April 17th, 2002


Off Topic Posts?

I'm not really sure who is in charge of this community, but I notice frequent posts by newbies are completely off topic and get loads of "this belongs in support" comments.... In other lj communities like lj_art they handle this partly by having a detailed list of what the community is and is not for, along with useful links, support in particular. I'd really like to see this community follow their lead and make it more clear to everyone what this community is for. Who is in charge of keeping this community's info updated?

I also noticed when I went to the lj_dev page, I couldn't even find the link to the community description. Perhaps it's there and i'm overlooking it, but making this more prominent would be nice. Particularly if you want people to know what the community is about before posting.... =)

Any thoughts? (well, aside from all the related comments on this thread about why people come here before support...)


support.patch now combines the previous two patches, and attempts to fix a previous bug regarding the auth codes:

Auth codes are used so that the creator of a support request can identify themselves as the owner of that request, regardless of whether or not they are logged in, whether or not they are a user, etc. However, the existing code rejects non-users (people who file requests but don't have accounts on the system) from being authorized because they're not setting the $remote variable. The patch changes the logic a bit, which enables non-users to append information to their requests by way of comments. Also, it allows non-users, who have filed their requests in non-public support categories, to view their requests.

Since I'm not sure I fixed that the best way, any other suggested changes are welcome :-)

Example is here.


Here's an idea:

Can we add extra color variables to the list available for styles under Modify Journal?
There aren't enough available for users to customize when they select a pre-written style.
How about adding something like: UserColor1, UserColor2, UserColor3, etc.
That way we can use those for things like menus, credits, or whatever else we choose to add to our new styles, and users of our styles can change those colors without having to do overrides.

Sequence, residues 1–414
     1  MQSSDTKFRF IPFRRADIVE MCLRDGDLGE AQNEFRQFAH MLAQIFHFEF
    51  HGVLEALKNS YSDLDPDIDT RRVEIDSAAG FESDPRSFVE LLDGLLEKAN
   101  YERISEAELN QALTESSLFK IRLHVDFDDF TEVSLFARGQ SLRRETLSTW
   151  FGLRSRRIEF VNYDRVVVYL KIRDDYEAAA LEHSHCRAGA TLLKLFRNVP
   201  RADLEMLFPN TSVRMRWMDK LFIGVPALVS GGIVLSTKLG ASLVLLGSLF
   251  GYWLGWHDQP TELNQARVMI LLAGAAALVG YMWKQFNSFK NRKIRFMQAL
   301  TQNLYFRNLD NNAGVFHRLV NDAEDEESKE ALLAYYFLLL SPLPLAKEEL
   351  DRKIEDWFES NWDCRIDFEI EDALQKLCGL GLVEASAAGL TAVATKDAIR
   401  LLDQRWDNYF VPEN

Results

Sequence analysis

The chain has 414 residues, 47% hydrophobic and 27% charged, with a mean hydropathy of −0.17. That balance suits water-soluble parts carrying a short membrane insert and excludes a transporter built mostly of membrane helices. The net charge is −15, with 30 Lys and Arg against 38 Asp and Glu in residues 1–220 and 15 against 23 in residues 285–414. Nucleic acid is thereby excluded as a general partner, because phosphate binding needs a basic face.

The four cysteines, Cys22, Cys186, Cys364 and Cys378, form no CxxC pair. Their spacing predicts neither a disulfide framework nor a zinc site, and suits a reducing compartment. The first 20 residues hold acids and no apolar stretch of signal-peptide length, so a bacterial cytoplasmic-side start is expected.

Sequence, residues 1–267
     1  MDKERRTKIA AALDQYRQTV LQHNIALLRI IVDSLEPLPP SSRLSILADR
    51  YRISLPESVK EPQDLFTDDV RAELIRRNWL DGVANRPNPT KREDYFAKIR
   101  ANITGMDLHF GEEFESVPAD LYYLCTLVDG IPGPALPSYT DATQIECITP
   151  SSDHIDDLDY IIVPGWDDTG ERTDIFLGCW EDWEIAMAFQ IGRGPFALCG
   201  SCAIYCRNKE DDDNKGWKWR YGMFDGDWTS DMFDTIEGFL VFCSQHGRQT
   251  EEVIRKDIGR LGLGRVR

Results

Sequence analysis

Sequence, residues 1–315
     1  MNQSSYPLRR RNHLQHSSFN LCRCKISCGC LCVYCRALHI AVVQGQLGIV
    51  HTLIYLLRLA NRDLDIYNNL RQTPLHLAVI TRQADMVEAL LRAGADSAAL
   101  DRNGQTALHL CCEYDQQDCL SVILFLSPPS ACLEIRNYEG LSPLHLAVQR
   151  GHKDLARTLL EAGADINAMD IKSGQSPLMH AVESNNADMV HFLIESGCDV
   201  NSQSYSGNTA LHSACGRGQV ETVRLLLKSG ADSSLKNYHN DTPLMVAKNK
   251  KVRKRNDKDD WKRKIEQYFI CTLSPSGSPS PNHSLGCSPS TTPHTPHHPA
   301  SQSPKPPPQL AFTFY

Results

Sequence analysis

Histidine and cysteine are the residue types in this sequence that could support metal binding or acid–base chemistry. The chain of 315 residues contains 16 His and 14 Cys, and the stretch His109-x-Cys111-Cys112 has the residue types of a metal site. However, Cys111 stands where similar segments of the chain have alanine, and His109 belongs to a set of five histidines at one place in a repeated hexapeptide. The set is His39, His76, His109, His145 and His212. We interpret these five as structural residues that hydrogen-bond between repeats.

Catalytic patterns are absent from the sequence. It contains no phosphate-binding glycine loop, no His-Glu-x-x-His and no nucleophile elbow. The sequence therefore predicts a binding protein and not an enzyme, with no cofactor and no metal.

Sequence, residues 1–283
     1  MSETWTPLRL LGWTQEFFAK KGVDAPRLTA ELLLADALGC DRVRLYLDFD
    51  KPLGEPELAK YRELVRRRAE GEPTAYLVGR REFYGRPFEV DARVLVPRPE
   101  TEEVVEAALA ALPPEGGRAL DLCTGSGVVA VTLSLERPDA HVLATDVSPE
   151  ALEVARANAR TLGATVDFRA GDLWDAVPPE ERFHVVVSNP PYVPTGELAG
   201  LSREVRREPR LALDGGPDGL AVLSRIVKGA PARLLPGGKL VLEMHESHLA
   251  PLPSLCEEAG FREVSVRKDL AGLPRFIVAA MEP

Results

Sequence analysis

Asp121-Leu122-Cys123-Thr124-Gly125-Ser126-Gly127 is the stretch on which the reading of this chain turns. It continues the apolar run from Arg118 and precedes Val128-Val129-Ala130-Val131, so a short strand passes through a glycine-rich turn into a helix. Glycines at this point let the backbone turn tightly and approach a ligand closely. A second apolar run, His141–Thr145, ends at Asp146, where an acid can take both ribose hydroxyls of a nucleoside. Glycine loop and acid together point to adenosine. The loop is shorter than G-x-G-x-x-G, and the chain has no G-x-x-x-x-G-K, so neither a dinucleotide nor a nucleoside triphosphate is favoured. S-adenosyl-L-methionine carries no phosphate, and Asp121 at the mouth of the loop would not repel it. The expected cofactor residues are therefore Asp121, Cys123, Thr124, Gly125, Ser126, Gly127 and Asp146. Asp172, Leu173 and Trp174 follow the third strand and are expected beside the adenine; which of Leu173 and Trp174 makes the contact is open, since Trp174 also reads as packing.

Just a thought.

Yes I know - this is not the right place for it. Bah!
  • Current Mood
    curious curious

kidproofing LiveJournal - proposed changes

I have a project that I would like a developer to tackle soon, if possible. I would normally bring such an idea up in feature requests, but under the circumstances, I think we need this done right away. It's long overdue.

Recently, I have been thinking about how to avoid a lot of the issues that LiveJournal has been having regarding things like naked userpics, nude pictures in journals, etc. Basically, we don't want to be branded as censors, nor do we want all the extra work that it takes to deal with these issues. Basically, we need some degree of kidproofing.

Currently, random searches will deliver you to any old journal. It could deliver you to a page full of porn. Take the community homosexuals, for example, which has gay porn. On a strict legal stance, is this any worse than delivering you to nakedparts? In most places, no. Still, it's not where most mothers would want their kids to go by random circumstance.

What would be better would be something like this.

Note that the new design for Random, though taking away a bit of the immediacy of the previous random feature, is actually more friendly than before for skimming through several random sites in order to find one that is of interest. Also, I added the idea of searching for random communities, as it would be a nice additional feature for users to find random communities. (Finding good communities is tough if you can't do a full directory search.)

Likewise, we can add a disclaimer box / disclaimer text on all interest searches and directory searches. Also, we may want to consider making directory searches default to not displaying user pics... Presumably, this will reduce the burden on the servers, as well as reduce the chance of anyone being offended by someone else's user pic.

That's the whole plan in a nutshell. It's not foolproof, and it certainly doesn't prevent minors from seeking out adult-themed content, but it does warn them, which seems to be the standard online requirement. This reduces LiveJournal's liability risk. It also decreases the workload for the Abuse team while protecting the freedom of expression allowed by the users of LiveJournal.

Anyone want to work on it?!